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How to get the biggest range from your electric vehicle

Many potential electric vehicle owners are put off by the range and charging options. However, most new EVs have several hundred kilometres of range and there are more and more charging stations and charging options available.

Despite this, most EV owners will suffer ‘range anxiety’ occasionally – it’s the worry you won’t make it to the next charging point and you’ll be stranded in the middle of the night with no phone reception. Let’s say that a driver can make a journey one way. On the return journey the range on an EV can be sapped by hidden factors that the driver doesn’t realise.

  • A few kilometres an hour faster uses more battery power
  • Tiredness will make it harder to use all the tips and tricks to improve range
  • It’s a headwind, creating more resistance
  • The final destination is higher in elevation (for example, if you drive from Taupo to Napier, you drop over 350m, so on the way back, you are climbing those extra 350m, plus the prevailing wind is frequently against you).
  • It has rained, meaning that there’s more rolling resistance fighting against the tyres.

So, how can you get the best range from your EV?

Smooth driving

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The easiest way to improve your range is to do less accelerating and braking as that’s where you use the most energy. The way to do that is to anticipate what’s going to happen ahead of you, particularly for traffic lights – there’s no point in racing away at a green light when you can see the next one up the road is likely to be red.

Use the brake regeneration to charge your battery. Braking early and gently (or coasting with battery regeneration) gives the best flow of power back into the battery; braking hard can exceed the charging capacity of the battery.

Take the smoothest line through the corner. This usually means a wider line into the corner, cutting to the apex, then a wide line out. This allows you to carry more speed through the corner. However, this is more risky because you put your vehicle closer to the centre line and therefore increase the risk of hitting another vehicle.

Keep your distance

Tailgating forces you to brake and accelerate more frequently. If you are 50m behind the vehicle in front and they slow down so that you end up 10m closer to them, you are still 40m behind, or 20% closer. However, if you were only 20m behind to start with, you’ve now halved the gap and that would cause you to brake. As the vehicle ahead speeds up again, you accelerate, robbing your battery of power.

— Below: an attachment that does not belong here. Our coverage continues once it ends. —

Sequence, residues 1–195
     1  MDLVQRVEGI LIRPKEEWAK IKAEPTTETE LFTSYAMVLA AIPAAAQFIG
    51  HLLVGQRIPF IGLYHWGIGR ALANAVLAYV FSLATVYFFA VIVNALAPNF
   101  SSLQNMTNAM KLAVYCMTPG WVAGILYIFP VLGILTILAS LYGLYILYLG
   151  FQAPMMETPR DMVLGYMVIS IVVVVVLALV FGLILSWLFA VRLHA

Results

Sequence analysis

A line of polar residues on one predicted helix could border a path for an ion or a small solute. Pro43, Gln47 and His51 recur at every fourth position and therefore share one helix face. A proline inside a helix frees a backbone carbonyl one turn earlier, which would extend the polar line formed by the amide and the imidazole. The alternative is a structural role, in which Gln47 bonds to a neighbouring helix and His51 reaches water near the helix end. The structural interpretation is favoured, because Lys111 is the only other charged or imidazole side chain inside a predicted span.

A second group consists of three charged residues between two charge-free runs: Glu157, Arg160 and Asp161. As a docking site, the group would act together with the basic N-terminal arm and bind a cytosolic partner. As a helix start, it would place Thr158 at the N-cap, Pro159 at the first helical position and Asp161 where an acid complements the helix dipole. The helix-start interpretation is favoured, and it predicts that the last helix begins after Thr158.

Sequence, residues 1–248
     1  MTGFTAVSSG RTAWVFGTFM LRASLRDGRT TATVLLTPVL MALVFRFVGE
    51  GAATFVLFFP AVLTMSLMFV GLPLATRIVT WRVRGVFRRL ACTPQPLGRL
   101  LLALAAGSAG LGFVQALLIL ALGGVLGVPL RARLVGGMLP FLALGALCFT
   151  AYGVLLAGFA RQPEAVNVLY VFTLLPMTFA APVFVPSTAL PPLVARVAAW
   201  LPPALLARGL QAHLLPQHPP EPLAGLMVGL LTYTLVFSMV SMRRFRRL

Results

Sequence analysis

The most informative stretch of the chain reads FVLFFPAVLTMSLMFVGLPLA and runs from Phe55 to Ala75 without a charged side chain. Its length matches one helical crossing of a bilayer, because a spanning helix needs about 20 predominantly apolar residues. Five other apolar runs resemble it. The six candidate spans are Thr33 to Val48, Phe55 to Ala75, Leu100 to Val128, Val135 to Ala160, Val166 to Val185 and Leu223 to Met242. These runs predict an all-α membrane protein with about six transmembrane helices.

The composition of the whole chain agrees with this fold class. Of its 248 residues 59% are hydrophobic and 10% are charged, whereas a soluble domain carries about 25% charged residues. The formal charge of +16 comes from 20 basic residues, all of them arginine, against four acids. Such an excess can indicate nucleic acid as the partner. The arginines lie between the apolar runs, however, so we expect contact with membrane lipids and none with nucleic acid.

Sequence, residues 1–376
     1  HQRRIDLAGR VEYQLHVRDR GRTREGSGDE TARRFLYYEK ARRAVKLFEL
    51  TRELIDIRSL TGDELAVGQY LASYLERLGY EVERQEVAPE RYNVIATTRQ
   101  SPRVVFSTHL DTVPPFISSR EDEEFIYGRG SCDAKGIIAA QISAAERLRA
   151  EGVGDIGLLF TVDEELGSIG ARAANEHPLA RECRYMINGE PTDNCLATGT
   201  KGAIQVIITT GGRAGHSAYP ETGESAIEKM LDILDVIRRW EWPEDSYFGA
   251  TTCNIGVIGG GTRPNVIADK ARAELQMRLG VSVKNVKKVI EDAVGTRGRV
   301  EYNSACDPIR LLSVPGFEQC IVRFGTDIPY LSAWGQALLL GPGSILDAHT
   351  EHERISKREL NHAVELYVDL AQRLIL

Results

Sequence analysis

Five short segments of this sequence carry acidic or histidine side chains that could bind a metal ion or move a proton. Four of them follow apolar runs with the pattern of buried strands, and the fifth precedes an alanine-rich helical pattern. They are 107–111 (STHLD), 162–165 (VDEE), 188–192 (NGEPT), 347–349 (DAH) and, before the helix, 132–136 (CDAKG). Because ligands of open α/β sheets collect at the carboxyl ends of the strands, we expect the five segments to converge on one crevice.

Coast downhill

Use downhill stretches to help put charge back into the battery. Brake gently or coast. If you can manually control your regenerative braking level, change the

Don’t use cruise control

Cruise control will keep your vehicle at a specific speed despite the road conditions, and that’s not necessarily the most economical way to drive.

Limit your speed

Wind resistance increases exponentially in relation to speed. If you double the speed, you quadruple the wind resistance. If you would usually drive at 100km/h, driving at 90 or 80 will give you much more range. However, don’t be a hazard for other vehicles.

Pump up your tyres

Ensure that your tyres at at least at the recommended pressure. You can even go a couple of PSI higher, but bear in mind that this will reduce your grip in wet weather as less tyre will be in contact with the road. The fact that less tyre is in contact with the road is why it uses less power from the battery: the rolling resistance is less.

Delay travelling if the traffic or weather are bad

Bad traffic can mean inefficient stop-start travel, while bad weather can include strong winds and rain, both of which are not ideal. Cold weather can also mean reduced battery performance. Waiting it out can help the range.

Choose eco mode

If your car has a mode which prioritises economy, turn it on.

Turn off auxiliary features

Anything you use in your vehicle that requires electricity will be using the battery. This includes the air conditioning, heater, heated seats, radio, and heated rear window. If you can, turn down your dashboard lights. Don’t use high-beam headlights. Don’t charge your phone. These won’t make kilometres of difference but combined could give you an extra few hundred metres that gets you to your destination.

Keep your windows rolled up

At low speeds, having your windows open does not make much difference, but at higher speeds, it creates a lot of wind resistance.

Make a detour

If you can make a detour to a charging station, that might be the safest option.

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Darren has written over 3000 articles about driving and vehicles, plus almost 500 vehicle reviews and numerous driving courses. Connect with him on LinkedIn by clicking the name above

Posted in Advice, Electric vehicles